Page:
- Wong CY, Salem R, Raman S, Gates VL, Dworkin HJ: Evaluating 90Y-glass microsphere treatment response of unresectable colorectal liver metastases by [18F]FDG PET: a comparison with CT or MRI. Eur J Nucl Med Mol Imaging. 2002, 29: 815-820. 10.1007/s00259-002-0787-4.View ArticlePubMed
- Wang W, Larson SM, Fazzari M, Tickoo SK, Kolbert K, Sgouros G, Yeung H, Macapinlac H, Rosai J, Robbins RJ: Prognostic value of [18F]fluorodeoxyglucose positron emission tomographic scanning in patients with thyroid cancer. J Clin Endocrinol Metab. 2000, 85: 1107-1113. 10.1210/jc.85.3.1107.PubMed
- Price DT, Coleman RE, Liao RP, Robertson CN, Polascik TJ, DeGrado TR: Comparison of [18 F]fluorocholine and [18 F]fluorodeoxyglucose for positron emission tomography of androgen dependent and androgen independent prostate cancer. J Urol. 2002, 168: 273-280. 10.1097/00005392-200207000-00090.View ArticlePubMed
- Voth M, Opfermann T, Gottschild D: [The value of fluorodeoxyglucose positron emission tomography (FDG-PET) in differentiation of pancreatic lesions]. Zentralbl Chir. 2003, 128: 375-378. 10.1055/s-2003-40030.View ArticlePubMed
- Lowe VJ, Dunphy FR, Varvares M, Kim H, Wittry M, Dunphy CH, Dunleavy T, McDonough E, Minster J, Fletcher JW, Boyd JH: Evaluation of chemotherapy response in patients with advanced head and neck cancer using [F-18]fluorodeoxyglucose positron emission tomography. Head Neck. 1997, 19: 666-674. 10.1002/(SICI)1097-0347(199712)19:8<666::AID-HED4>3.3.CO;2-C.View ArticlePubMed
- Peschina W: [F-18 fluorodeoxyglucose positron emission tomography in lung lesions]. Wien Med Wochenschr. 2002, 152: 265-268. 10.1046/j.1563-258X.2002.02019.x.View ArticlePubMed
- Berlangieri SU, Scott AM, Knight SR, Fitt GJ, Hennessy OF, Tochon-Danguy HJ, Clarke CP, McKay WJ: F-18 fluorodeoxyglucose positron emission tomography in the non-invasive staging of non-small cell lung cancer. Eur J Cardiothorac Surg. 1999, 16 Suppl 1: S25-30.View ArticlePubMed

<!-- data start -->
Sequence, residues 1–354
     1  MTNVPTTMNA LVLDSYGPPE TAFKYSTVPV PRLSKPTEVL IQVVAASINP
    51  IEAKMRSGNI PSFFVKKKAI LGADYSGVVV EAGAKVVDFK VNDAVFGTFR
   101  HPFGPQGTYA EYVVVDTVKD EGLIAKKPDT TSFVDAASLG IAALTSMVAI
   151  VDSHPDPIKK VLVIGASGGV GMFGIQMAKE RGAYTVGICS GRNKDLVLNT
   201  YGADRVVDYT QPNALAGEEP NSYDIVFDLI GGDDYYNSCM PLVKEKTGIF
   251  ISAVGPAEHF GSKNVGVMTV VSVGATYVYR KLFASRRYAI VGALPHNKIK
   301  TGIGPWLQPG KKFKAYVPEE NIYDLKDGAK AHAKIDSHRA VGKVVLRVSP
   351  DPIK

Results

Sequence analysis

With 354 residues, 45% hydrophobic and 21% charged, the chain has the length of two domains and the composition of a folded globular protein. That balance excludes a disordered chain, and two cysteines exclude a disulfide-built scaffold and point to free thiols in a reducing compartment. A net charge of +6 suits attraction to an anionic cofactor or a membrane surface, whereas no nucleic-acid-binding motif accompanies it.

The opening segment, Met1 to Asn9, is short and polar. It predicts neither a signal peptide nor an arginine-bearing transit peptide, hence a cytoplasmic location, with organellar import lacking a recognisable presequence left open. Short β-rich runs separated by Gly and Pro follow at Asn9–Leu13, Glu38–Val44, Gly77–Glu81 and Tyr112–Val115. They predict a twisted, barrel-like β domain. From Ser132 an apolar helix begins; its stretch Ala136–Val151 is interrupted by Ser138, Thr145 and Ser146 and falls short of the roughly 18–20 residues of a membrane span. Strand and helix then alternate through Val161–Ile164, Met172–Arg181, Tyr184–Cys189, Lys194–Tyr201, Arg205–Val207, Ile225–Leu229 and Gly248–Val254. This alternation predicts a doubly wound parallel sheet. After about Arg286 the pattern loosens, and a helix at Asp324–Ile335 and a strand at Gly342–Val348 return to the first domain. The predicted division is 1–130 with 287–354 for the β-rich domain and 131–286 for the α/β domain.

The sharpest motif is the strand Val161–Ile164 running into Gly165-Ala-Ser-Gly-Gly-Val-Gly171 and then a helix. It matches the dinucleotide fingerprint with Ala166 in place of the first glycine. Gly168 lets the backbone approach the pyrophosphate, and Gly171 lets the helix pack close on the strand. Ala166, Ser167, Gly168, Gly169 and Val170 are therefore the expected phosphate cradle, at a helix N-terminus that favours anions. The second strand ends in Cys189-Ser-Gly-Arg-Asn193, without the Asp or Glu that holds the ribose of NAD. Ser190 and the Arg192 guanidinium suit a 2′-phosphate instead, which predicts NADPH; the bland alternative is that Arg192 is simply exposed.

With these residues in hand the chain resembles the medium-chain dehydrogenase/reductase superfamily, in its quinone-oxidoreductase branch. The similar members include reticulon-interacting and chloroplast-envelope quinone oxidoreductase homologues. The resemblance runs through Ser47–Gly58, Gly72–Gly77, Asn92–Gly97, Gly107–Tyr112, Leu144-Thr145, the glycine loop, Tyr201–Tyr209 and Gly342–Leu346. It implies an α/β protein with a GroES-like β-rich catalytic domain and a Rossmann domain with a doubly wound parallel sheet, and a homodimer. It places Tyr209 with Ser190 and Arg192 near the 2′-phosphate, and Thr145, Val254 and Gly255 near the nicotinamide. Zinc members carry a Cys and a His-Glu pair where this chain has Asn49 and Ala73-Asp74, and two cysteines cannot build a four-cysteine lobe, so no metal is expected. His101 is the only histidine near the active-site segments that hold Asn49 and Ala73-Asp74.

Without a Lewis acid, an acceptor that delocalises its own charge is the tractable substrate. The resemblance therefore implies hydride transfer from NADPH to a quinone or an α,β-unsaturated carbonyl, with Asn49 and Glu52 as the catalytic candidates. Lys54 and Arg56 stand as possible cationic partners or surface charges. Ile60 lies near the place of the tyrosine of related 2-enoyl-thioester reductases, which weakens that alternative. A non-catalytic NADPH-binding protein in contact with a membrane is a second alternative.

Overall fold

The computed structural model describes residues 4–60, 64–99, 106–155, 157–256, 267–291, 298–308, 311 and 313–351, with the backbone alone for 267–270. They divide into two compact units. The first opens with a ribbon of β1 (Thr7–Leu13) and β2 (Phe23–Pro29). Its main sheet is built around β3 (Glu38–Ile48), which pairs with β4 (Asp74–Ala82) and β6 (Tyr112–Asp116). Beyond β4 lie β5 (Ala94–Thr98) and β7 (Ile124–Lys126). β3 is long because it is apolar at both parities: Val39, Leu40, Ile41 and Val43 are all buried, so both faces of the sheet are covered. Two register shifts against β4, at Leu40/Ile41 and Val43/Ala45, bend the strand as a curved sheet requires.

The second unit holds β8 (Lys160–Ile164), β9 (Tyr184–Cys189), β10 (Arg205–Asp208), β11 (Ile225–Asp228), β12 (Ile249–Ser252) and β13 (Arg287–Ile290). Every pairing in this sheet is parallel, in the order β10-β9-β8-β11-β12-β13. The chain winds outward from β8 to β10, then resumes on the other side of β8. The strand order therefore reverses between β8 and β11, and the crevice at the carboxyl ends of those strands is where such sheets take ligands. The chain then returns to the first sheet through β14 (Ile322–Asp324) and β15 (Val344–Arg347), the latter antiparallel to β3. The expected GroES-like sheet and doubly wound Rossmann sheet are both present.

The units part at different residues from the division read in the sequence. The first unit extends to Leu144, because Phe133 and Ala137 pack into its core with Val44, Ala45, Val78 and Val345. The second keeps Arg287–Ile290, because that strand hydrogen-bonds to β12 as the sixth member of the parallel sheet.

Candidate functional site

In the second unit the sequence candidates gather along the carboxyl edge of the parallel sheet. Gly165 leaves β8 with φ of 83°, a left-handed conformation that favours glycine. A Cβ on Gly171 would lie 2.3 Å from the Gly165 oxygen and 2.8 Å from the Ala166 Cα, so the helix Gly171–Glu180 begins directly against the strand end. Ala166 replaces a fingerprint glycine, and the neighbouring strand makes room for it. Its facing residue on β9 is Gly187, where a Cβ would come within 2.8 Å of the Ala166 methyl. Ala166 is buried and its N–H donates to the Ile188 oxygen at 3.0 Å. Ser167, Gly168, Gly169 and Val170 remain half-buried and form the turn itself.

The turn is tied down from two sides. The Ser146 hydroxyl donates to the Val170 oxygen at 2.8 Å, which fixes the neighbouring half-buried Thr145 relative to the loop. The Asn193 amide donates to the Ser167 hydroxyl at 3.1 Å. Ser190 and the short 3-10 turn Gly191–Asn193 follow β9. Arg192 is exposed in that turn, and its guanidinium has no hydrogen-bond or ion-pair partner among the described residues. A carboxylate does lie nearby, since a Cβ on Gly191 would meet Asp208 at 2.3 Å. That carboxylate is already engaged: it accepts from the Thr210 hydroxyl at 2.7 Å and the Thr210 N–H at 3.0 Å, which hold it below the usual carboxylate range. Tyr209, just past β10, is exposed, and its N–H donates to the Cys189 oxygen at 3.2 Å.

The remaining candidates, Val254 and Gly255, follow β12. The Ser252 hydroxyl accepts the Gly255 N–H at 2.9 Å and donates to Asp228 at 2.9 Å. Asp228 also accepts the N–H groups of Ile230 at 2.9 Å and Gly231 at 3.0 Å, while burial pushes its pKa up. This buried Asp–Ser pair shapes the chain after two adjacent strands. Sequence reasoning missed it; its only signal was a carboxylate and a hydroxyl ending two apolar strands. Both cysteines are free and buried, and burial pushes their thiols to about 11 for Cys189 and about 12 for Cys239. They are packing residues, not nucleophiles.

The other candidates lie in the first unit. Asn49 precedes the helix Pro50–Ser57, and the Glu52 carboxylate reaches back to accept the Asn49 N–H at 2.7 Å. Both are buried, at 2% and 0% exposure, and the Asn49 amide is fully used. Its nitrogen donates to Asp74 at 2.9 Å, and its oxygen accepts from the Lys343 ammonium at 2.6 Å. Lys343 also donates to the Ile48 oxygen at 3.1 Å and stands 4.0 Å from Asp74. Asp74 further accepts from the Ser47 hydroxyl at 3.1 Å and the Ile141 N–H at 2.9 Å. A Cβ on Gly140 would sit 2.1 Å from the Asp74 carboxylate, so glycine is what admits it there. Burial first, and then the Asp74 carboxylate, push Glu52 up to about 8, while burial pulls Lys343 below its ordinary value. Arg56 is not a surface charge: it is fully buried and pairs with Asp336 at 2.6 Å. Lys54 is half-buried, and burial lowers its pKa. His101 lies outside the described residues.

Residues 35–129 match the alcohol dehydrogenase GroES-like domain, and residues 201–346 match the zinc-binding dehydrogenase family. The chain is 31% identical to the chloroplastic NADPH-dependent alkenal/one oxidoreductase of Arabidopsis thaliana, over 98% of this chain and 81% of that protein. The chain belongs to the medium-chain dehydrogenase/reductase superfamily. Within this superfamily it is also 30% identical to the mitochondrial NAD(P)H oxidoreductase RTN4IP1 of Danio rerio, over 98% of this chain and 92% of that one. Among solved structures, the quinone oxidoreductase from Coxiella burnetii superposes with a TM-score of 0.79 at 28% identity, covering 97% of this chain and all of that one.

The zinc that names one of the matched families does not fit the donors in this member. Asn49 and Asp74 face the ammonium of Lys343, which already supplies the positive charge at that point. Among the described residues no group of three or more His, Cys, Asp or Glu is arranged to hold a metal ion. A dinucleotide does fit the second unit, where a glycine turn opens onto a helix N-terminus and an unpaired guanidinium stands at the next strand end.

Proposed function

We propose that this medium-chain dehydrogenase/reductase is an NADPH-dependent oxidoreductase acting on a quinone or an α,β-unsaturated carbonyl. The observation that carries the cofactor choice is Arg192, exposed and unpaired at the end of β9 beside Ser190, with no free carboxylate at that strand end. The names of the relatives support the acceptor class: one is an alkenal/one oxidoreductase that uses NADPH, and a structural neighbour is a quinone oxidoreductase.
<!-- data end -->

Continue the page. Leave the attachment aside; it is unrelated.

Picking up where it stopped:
- Hunter GJ, Hamberg LM, Choi N, Jain RK, McCloud T, Fischman AJ: Dynamic T1-weighted magnetic resonance imaging and positron emission tomography in patients with lung cancer: correlating vascular physiology with glucose metabolism. Clin Cancer Res. 1998, 4: 949-955.PubMed
- Coleman RE: PET in lung cancer staging. Q J Nucl Med. 2001, 45: 231-234.PubMed
- Coleman RE: Value of FDG-PET scanning in management of lung cancer. Lancet. 2002, 359: 1361-1362. 10.1016/S0140-6736(02)08388-5.View ArticlePubMed
- Gonzalez-Stawinski GV, Lemaire A, Merchant F, O'Halloran E, Coleman RE, Harpole DH, D'Amico TA: A comparative analysis of positron emission tomography and mediastinoscopy in staging non-small cell lung cancer. J Thorac Cardiovasc Surg. 2003, 126: 1900-1905. 10.1016/S0022-5223(03)01036-5.View ArticlePubMed
- Marom EM, McAdams HP, Erasmus JJ, Goodman PC, Culhane DK, Coleman RE, Herndon JE, Patz E. F., Jr.: Staging non-small cell lung cancer with whole-body PET. Radiology. 1999, 212: 803-809.View ArticlePubMed
- Burt BM, Humm JL, Kooby DA, Squire OD, Mastorides S, Larson SM, Fong Y: Using positron emission tomography with [(18)F]FDG to predict tumor behavior in experimental colorectal cancer. Neoplasia. 2001, 3: 189-195. 10.1038/sj.neo.7900147.PubMed CentralView ArticlePubMed
- Coleman RE: FDG imaging. Nucl Med Biol. 2000, 27: 689-690. 10.1016/S0969-8051(00)00139-6.View ArticlePubMed
- Liao WJ, Luo RC, Kang SJ, Wu HB, Wang CB, Luo YL, Zhang MJ: Investigation of short-term therapy results for radiofrequency ablation by positron emission tomography. Di Yi Jun Yi Da Xue Xue Bao. 2002, 22: 376-377.PubMed
- Kostakoglu L, Goldsmith SJ: 18F-FDG PET evaluation of the response to therapy for lymphoma and for breast, lung, and colorectal carcinoma. J Nucl Med. 2003, 44: 224-239.PubMed
- Akhurst T, Downey RJ, Ginsberg MS, Gonen M, Bains M, Korst R, Ginsberg RJ, Rusch VW, Larson SM: An initial experience with FDG-PET in the imaging of residual disease after induction therapy for lung cancer. Ann Thorac Surg. 2002, 73: 259-64; discussion 264-6. 10.1016/S0003-4975(01)03257-X.View ArticlePubMed
- Herrera LJ, Fernando HC, Perry Y, Gooding WE, Buenaventura PO, Christie NA, Luketich JD: Radiofrequency ablation of pulmonary malignant tumors in nonsurgical candidates. J Thorac Cardiovasc Surg. 2003, 125: 929-937. 10.1067/mtc.2003.18.View ArticlePubMed
- Rose DM, Allegra DP, Bostick PJ, Foshag LJ, Bilchik AJ: Radiofrequency ablation: a novel primary and adjunctive ablative technique for hepatic malignancies. Am Surg. 1999, 65: 1009-1014.PubMed
This article is published under license to BioMed Central Ltd. This is an open-access article distributed under the terms of the Creative Commons Attribution License (http://creativecommons.org/licenses/by/2.0), which permits unrestricted use, distribution, and reproduction in any medium, provided the original work is properly cited.